Undergraduate Education
 

Unexpected Connections: Physical Science and Culture

Unexpected Connections: Physical Science and Culture
The class, team-taught by professors from different disciplines, explores unities between physical science and culture. Through reading, writing, and conversation, students gain understanding and skills to engage real-life questions. Topics are announced in the class schedule.
UNIV
292
 Hours3.0 Credit, 3.0 Lecture, 0.0 Lab
 PrerequisitesWRTG 150; or PHIL 150; or ENGL 115; or ELang 150.
 TaughtFall, Winter
Course Outcomes: 

Methodology

Recognize and understand the assumptions, methodologies and practices of two distinct disciplines.

Connections

Examine issues, patterns, problems, and questions through two different disciplinary perspectives to find contradictions, connections, and confluence.

Communication

Clearly express concepts, ideas and conclusions through written, visual, oral, or other forms of communication.

GE Global & Cultural Awareness Outcomes

Students will: 1. Acquire informed awareness of a global culture outside their own, with the interplay of cultures, languages, and/or nations at an international level. 2. Experience thoughtful reflection on the above, as demonstrated in a structured, guided manner under the direction of a faculty member. Evidence of reflection implies written or spoken analysis that will include a consideration of the student's own responses to the culture or global issue, often involving comparison, and will demonstrate informed awareness. 3. Develop greater empathy and charity, and will begin to gain a global perspective by learning to see themselves from another's point of view.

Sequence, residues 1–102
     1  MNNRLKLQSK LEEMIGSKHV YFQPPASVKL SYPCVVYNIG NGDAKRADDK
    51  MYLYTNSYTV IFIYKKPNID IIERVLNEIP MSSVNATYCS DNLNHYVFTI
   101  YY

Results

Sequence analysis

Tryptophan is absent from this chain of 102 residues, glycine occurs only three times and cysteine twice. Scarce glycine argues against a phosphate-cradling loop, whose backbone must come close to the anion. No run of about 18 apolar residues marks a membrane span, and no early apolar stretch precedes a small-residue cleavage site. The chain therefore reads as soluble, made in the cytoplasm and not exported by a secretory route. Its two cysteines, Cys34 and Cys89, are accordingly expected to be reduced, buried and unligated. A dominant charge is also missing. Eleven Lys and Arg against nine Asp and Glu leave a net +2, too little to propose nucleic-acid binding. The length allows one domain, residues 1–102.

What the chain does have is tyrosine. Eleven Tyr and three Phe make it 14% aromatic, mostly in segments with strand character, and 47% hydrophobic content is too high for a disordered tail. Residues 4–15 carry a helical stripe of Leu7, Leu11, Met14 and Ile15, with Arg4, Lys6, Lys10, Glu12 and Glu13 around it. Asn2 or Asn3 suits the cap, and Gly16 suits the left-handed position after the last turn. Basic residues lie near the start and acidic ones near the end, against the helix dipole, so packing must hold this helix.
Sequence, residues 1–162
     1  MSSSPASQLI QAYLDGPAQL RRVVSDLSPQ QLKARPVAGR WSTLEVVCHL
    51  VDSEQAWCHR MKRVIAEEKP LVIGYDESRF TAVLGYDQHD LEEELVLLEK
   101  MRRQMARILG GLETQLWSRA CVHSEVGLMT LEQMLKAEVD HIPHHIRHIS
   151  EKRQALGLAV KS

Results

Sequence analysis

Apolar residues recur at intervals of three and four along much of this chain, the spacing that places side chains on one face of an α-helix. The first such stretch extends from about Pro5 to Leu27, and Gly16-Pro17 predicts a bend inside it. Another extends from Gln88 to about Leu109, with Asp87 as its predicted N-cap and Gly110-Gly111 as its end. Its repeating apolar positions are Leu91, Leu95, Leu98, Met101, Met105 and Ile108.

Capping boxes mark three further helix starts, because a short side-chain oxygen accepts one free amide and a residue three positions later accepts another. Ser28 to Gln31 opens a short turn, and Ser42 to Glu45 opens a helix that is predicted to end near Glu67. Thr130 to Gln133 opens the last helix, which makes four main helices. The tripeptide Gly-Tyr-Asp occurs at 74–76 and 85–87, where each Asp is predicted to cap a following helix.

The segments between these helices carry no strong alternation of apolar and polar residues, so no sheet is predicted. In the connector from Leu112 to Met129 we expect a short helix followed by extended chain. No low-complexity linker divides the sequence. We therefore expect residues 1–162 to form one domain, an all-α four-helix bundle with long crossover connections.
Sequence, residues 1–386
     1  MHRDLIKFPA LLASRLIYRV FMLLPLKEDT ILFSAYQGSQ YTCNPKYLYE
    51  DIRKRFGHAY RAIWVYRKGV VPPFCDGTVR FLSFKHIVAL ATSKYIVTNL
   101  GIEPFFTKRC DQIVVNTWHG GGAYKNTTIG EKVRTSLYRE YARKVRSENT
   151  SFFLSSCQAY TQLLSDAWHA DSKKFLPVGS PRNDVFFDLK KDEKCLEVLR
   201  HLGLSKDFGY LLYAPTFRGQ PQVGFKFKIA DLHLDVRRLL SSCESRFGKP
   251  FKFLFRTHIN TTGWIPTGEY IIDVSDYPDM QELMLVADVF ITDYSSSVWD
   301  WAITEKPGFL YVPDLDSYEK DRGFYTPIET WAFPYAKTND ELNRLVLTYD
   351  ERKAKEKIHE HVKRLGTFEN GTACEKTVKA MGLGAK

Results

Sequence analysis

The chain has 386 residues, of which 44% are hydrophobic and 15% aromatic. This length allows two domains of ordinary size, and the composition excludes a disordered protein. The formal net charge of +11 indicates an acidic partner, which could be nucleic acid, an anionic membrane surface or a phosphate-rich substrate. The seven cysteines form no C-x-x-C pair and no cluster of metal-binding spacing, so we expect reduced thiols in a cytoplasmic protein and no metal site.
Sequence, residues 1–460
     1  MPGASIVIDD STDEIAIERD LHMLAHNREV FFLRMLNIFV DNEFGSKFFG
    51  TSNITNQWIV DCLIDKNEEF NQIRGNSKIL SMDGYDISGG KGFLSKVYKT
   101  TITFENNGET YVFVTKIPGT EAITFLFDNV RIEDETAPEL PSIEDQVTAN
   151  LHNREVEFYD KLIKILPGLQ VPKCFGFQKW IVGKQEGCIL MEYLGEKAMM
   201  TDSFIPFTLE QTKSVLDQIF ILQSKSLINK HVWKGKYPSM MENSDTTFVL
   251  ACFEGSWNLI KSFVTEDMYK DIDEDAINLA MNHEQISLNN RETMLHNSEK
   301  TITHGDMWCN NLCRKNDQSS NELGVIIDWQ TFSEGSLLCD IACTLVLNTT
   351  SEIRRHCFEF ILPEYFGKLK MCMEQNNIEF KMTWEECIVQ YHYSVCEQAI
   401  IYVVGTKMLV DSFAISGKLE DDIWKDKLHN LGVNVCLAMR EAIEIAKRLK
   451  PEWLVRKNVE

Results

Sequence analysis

GE Physical Science Outcomes

Students will be able to: 1. Demonstrate an understanding of the basic scientific principles which undergird the scientific process, including the strengths and weaknesses of this process. 2. Appreciate the excitement of discovery that has accompanied important scientific developments. 3. Demonstrate how scientific methodology can be used to analyze real-world science-related problems. 4. Evaluate scientific data and claims in order to make rational decisions on public-policy science issues that affect their community. 5. Express their thoughts (in oral, graphical, and written formats) on scientific topics clearly, including appropriate use of basic scientific vocabulary and effective interpretation of quantitative data. 6. Reflect rationally upon the interface between science and religion.